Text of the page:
"I like writing books because there is a sense of freedom there. Television writing is more dynamic in the sense that there are more players in the fray such as directors and producers," he says.
"It kind of constraints you, because a book is tailored to an audience but not to a great extent - because when you are writing a book, you also want that book to entertain yourself. But when you are writing for television, you want to entertain an audience and not yourself," Durjoy explains.
How can you become a better writer?
"You can attend writing workshops to become better, but the only way you can learn how to write is to read more books," Durjoy says.
"The biggest impulse to read another book is when you have just read one book," he says, explaining how easy-to-read commercial fiction can engage the youth and help them develop a reading habit which could eventually lead them to reading more complex work if they so choose.
"There have been so, so many books that have been written. If you have not read them to see how people have told their stories, then no one is going to hand you a sort of guidebook to becoming a better writer," he says.
"Also, it is not like if you teach a class of 30 students, all of them will go on to become bestselling writers. So, you have to learn it yourself," he says.
One piece of advice for aspiring authors: "Don't be in a hurry to publish your book, because there is a very, very little chance that you will be successful. Just write to entertain yourself and be satisfied with whatever you have written."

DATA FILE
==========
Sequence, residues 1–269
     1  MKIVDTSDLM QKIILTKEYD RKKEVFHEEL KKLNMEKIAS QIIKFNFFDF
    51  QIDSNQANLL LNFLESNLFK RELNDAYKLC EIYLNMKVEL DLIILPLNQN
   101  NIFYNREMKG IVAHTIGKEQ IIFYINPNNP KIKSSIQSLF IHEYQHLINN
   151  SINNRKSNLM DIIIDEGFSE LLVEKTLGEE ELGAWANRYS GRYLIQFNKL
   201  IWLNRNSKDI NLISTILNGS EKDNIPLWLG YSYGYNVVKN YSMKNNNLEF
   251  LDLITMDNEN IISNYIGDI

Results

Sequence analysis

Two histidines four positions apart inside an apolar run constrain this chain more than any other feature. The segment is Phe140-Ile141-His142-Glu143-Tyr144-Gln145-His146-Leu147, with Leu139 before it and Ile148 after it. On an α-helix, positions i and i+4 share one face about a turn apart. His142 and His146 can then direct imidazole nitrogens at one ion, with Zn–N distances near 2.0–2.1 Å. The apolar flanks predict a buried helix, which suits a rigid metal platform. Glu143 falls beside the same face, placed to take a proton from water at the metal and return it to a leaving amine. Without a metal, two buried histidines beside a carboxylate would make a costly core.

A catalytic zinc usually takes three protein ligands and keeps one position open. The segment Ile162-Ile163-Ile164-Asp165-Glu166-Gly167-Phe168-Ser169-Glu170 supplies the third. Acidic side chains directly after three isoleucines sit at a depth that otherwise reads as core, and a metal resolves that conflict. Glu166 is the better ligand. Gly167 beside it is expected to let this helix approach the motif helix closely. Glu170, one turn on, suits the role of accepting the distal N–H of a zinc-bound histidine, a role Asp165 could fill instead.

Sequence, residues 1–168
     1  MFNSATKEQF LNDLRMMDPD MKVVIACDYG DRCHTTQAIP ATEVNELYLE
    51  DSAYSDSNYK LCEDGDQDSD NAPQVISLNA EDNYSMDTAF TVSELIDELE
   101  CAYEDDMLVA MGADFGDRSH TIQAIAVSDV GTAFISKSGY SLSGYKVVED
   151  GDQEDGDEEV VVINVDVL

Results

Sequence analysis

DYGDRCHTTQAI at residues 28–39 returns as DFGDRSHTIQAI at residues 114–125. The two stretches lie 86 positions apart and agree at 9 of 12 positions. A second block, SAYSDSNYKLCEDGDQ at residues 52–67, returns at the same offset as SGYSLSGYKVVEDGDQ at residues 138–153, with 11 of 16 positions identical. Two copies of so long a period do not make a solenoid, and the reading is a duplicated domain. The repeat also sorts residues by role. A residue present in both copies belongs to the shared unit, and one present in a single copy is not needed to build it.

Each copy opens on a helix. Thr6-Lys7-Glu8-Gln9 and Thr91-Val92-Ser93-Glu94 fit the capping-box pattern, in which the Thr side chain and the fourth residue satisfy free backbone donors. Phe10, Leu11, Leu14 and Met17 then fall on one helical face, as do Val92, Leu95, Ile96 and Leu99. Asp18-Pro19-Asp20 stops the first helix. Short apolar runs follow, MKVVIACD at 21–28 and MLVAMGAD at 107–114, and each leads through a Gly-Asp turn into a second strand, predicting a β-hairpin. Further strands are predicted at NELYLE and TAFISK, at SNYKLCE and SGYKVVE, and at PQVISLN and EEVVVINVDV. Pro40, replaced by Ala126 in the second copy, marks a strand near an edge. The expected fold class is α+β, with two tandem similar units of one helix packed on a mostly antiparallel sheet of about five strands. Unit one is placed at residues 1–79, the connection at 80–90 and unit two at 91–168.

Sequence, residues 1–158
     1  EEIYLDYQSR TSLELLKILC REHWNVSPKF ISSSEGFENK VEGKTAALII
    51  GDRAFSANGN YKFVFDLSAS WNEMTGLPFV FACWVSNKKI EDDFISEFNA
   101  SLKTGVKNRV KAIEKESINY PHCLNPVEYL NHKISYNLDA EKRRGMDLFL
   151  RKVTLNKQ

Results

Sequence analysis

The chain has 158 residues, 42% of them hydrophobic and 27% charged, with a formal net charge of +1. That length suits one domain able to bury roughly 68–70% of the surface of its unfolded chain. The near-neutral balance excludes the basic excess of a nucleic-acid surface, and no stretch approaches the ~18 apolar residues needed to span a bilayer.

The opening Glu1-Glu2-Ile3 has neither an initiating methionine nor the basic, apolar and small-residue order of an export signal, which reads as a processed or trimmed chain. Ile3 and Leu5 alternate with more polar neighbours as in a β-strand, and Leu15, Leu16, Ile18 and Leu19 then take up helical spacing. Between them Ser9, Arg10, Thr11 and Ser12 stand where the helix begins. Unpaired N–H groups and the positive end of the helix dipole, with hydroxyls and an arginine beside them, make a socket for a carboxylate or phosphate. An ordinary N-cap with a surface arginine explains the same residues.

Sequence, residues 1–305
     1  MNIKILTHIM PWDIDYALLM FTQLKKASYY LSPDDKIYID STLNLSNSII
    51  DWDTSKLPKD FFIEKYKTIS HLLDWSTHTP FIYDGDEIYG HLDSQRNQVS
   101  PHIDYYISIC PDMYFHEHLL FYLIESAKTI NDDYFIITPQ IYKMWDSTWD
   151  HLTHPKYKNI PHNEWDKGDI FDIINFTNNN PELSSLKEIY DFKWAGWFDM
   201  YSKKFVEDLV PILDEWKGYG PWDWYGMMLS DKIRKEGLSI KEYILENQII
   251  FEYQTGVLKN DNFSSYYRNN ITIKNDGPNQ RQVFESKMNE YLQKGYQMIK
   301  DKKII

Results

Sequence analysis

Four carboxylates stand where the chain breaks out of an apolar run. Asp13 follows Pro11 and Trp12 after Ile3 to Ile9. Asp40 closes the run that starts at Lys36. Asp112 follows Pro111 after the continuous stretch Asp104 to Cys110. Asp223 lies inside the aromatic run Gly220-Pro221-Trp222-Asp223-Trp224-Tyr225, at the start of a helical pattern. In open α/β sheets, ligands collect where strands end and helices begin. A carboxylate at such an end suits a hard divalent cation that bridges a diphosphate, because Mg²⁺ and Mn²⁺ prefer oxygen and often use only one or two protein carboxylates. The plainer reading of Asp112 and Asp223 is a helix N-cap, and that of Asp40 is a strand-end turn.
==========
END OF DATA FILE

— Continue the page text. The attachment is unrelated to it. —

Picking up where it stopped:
About Durjoy Datta's new book - a collection of tiny tales of romance
The second edition of Pocketful O' Stories -- tagged 2.0 - is a collection of 400 tiny tales on romance and love including around 15 by Durjoy - the number is the same as the number of sprays in the new Engage pocket perfume, in collaboration with which the book was launched.
Durjoy Datta launched the book 160 feet above ground in mid-air at 'Fly Dining' in Noida, a hanging restaurant giving visitors a unique dining experience - with mandatory harnesses!
In preparation for the book, ITC had rolled out a crowdsourcing campaign where people were asked to submit their tiny tales on romance keeping to 400 characters, and preferably with some twist or unexpected element - this meant that each story had to be fast, snappy and memorable.
This received an overwhelming response of more than 25,000 story submissions.
"The sort of selection procedure we followed was that we would read a bunch of stories, and the ones we used to remember after a week, we knew they needed to go in the book," says Durjoy, adding that some of the stories were so good that he knew he needed to up his writing game.
"It was a learning experience for me as well," he says.
We hope he keeps inspiring young readers and writers to write for love and keep their love for writing alive no matter what.